US Court Validates Cuban Doctors’ Lawsuit Against PAHO for Slavery

Cuban doctors who were part of the Mais Médicos program left Brazil through the Presidente Juscelino Kubitschek International Airport in Brasilia. (EFE/File)

14ymedio bigger14ymedio, Madrid, 30 March 2022 — A US appeals court has rejected the appeal of the Pan American Health Organization (PAHO) which tried to paralyze the lawsuit filed by several Cuban doctors against them for facilitating the “human trafficking network” and “slavery” that, they argued, hid the Mais Médicos [More Doctors] program in Brazil. The news was released on Tuesday by the British agency Reuters.

The lawsuit was filed in Florida in 2018 by Ramona Matos, Tatiana Carballo, Fidel Cruz and Russela Rivero, four Cuban health workers who denounced the working conditions they experienced as members of the medical cooperation program signed between Raúl Castro and Dilma Rousseff in 2013.

“There is an international organization (PAHO), affiliated with the United Nations, that became the main force to allow Cuba to export its citizens to do slave labor in a foreign country,” said the lawyer for the doctors at the press conference at which the lawsuit was filed.

The complainants consider that PAHO, the American section of the World Health Organization (WHO), violated the Law for the Protection of Victims of Trafficking by being an intermediary of the program, from which it channeled the payments. As is common practice in Cuba’s cooperation agreements, the contracting country, in this case Brazil, sends the money to Havana, which keeps percentages ranging from 70% to 90% of the salary paid for each worker, he explains, and this money goes to support the State.

According to the lawsuit, in the case of Brazil, 85% went to the Cuban government, 10% to doctors, and 5% was retained by PAHO through its mediation.

The United Nations health organization tried to stop the lawsuit using the immunity granted by US law. The courts considered themselves incompetent to judge an issue that occurred outside the country, but accepted that the claims could proceed from financial activity.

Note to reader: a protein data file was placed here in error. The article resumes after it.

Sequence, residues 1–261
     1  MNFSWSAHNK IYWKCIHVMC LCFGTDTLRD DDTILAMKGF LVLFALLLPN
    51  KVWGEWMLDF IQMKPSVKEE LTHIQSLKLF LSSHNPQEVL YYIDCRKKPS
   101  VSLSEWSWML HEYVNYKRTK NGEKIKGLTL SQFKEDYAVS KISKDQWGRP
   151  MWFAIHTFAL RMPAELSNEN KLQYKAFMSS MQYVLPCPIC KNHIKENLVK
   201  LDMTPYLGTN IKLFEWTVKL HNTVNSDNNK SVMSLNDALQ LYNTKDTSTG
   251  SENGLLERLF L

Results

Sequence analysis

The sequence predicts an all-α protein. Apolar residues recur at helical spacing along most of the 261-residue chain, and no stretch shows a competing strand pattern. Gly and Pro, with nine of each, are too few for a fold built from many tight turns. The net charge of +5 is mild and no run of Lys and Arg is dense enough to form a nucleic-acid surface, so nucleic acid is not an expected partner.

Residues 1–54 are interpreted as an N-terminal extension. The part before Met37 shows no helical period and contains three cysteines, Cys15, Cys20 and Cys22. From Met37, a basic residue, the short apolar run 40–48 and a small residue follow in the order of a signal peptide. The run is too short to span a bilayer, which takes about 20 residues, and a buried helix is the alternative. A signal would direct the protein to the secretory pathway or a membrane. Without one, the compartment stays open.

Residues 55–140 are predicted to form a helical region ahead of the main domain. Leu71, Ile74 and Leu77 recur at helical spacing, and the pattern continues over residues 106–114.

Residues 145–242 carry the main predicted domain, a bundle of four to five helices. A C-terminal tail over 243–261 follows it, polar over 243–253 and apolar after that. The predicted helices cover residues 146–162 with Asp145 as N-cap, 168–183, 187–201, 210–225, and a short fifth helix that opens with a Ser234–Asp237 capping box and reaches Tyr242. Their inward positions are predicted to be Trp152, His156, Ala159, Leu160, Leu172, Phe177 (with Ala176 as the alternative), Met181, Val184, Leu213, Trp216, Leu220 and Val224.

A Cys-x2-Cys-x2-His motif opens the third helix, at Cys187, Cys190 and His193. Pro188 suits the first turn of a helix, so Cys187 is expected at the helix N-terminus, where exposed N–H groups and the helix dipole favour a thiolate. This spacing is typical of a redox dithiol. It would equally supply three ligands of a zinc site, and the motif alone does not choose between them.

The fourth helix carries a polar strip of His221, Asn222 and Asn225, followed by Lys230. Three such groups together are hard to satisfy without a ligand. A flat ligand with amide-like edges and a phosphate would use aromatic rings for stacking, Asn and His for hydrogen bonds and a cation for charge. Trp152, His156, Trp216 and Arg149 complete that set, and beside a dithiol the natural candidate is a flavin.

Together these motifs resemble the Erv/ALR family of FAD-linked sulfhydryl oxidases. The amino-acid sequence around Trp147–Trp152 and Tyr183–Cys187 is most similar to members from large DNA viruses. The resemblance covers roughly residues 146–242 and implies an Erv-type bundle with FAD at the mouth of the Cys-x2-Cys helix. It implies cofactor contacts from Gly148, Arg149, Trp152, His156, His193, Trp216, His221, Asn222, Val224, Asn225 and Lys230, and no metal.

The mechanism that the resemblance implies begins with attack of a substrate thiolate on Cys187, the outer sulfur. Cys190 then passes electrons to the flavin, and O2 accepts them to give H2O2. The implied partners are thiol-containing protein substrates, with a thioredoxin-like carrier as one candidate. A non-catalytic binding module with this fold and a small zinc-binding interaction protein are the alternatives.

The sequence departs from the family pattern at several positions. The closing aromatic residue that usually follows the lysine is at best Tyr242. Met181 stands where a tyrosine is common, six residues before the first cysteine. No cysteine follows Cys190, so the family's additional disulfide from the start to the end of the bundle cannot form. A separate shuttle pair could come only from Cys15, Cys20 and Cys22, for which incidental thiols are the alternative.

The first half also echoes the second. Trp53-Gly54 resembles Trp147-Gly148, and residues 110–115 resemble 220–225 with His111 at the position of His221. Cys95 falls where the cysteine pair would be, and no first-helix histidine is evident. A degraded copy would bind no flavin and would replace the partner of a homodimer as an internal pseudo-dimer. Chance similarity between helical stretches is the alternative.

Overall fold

The organization then responded that the complainants were not suiing over the transactions, but rather the foreign conduct, but the courts considered that these movements of money were necessary for the alleged trafficking of persons and could in themselves be the cause of the opening of the judicial process.

PAHO raised more than $75 million through the Mais Medicos program and some $1.3 billion was deposited into Cuban state coffers using US bank accounts, according to the lawsuit documentation.

It is estimated that the Cuban authorities obtained some 11 billion dollars a year thanks to “human trafficking,” according to a study by the Wharton School of the University of Pennsylvania.

The doctors reported in 2018 that they were not informed until they reached their destination of how much they were going to be paid and that the amounts were very meager.

“They were going to give us a thousand dollars, of which 400 was going to be given to us in exchange (in local currency), and 600 dollars was going to go to our account in the Cuban bank,” said one of the plaintiffs, who added some of the general conditions already known, among them the control that the heads of mission exercise over the workers to control any movement, meeting or relations in the destination country.


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